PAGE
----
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Main Currents of Marxism: The Founders, the Golden Age, the Breakdown Hardcover – November 7, 2005

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From scattered previous editions, this volume unites the author's opus on Marxism, which he wrote in the 1970s. Kolakowski is a historian of philosophy and treats Marxism as such; that is, he does not address the history of Marxist movements, parties, and leaders. For those interested in Marxist doctrine, Kolakowski dissects it within a chronological framework, laying out its antecedents in Hegelian philosophy and varieties of socialism current in the 1830s and 1840s. Conceding Karl Marx's originality in formulating his precepts, seminally in The German Ideology (1846), Kolakowski subjects them to withering analysis, especially in their relation to Marx's claim to have discovered a science of human history. There is no mistaking Kolakowski for a Marxist, but his grasp of the interrelationship of Marxian concepts from alienated labor to historical materialism to revisionism is complete. Kolakowski also understands Marxism's propensity for schismatic development, justifying the author's description of this history as a handbook of the principal Marxist theoreticians. Gilbert Taylor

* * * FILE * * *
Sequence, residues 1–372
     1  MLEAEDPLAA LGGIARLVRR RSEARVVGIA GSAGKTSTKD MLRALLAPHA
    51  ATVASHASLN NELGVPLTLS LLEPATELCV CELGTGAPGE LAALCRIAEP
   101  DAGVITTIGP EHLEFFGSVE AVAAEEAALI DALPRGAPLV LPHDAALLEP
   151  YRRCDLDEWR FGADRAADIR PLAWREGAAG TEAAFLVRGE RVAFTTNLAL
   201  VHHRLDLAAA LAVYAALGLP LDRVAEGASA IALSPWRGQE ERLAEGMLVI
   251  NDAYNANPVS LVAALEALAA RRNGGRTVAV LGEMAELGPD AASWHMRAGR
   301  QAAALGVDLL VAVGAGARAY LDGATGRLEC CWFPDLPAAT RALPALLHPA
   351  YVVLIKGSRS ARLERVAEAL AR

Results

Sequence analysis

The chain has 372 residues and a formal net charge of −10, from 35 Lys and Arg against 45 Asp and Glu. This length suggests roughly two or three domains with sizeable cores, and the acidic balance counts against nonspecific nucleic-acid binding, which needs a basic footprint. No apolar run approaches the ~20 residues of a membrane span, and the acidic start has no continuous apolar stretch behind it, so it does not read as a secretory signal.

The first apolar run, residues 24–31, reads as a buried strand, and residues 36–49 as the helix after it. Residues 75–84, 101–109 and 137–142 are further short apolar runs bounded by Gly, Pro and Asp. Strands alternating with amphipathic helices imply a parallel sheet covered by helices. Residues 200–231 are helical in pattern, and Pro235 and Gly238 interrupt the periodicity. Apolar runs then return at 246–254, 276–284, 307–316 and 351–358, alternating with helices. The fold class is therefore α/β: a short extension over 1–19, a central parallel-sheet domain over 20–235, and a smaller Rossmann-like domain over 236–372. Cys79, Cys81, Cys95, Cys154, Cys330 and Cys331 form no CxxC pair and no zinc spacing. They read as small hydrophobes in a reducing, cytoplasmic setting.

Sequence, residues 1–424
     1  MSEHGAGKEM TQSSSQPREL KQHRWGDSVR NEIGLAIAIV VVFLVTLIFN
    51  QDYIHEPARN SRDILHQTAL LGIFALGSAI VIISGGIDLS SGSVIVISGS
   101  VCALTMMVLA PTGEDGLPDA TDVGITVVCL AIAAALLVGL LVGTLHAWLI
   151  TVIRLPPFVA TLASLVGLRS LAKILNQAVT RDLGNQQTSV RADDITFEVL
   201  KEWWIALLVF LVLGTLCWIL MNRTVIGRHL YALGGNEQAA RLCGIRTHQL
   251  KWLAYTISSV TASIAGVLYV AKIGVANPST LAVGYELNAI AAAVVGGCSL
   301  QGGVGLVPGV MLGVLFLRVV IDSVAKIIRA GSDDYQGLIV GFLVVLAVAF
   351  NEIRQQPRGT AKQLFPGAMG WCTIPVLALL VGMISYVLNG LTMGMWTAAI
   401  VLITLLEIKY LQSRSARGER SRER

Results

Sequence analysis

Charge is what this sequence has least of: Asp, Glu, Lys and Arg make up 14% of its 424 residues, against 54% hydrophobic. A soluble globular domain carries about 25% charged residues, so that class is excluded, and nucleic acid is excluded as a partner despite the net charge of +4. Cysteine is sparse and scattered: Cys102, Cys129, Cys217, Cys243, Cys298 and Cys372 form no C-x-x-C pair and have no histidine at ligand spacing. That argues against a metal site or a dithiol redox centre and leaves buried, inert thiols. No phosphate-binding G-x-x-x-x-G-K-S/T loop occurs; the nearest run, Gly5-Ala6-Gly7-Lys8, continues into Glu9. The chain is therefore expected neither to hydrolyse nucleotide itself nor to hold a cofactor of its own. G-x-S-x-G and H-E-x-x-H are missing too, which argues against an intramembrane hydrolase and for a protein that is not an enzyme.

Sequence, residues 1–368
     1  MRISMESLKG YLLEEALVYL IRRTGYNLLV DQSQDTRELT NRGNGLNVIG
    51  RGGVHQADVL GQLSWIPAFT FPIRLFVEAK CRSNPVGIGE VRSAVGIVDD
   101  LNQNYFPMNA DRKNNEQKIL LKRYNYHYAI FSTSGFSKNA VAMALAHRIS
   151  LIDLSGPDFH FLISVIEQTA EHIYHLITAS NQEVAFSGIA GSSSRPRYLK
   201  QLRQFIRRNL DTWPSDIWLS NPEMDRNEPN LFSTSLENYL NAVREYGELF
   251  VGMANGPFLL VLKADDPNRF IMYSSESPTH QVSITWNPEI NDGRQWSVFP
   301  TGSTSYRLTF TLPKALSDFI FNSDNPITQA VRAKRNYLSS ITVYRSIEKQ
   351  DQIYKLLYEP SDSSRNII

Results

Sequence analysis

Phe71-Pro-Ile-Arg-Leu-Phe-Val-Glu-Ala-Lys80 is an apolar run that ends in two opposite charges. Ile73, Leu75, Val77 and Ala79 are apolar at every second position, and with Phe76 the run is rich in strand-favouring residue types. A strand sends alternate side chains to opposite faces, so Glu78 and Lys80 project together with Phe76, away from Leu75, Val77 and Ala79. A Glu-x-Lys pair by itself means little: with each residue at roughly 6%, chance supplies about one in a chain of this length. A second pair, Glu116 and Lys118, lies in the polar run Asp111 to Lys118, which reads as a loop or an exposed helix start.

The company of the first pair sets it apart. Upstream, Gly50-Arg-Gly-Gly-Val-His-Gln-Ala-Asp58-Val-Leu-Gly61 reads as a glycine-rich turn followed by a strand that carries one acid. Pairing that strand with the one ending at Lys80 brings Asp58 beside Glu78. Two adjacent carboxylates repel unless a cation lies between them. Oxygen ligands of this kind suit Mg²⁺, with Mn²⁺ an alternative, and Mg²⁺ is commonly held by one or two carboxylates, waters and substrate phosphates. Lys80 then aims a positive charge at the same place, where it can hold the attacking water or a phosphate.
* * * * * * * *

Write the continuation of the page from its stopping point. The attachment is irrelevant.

Copyright © American Library Association. All rights reserved


His three volume dissection of Marxism is considered the definitive work on the subject. -- Sarah Lyall, New York Times

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Product Details

  • Hardcover: 1284 pages
  • Publisher: W. W. Norton & Company; 1st edition (November 7, 2005)
  • Language: English
  • ISBN-10: 0393060543
  • ISBN-13: 978-0393060546
  • Product Dimensions: 9.3 x 6.5 x 2.4 inches
  • Shipping Weight: 3.8 pounds
  • Average Customer Review: 4.5 out of 5 stars  See all reviews (21 customer reviews)
  • Amazon Best Sellers Rank: #985,857 in Books (See Top 100 in Books)

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106 of 115 people found the following review helpful By R. Albin TOP 1000 REVIEWER on December 10, 2006
Format: Hardcover Verified Purchase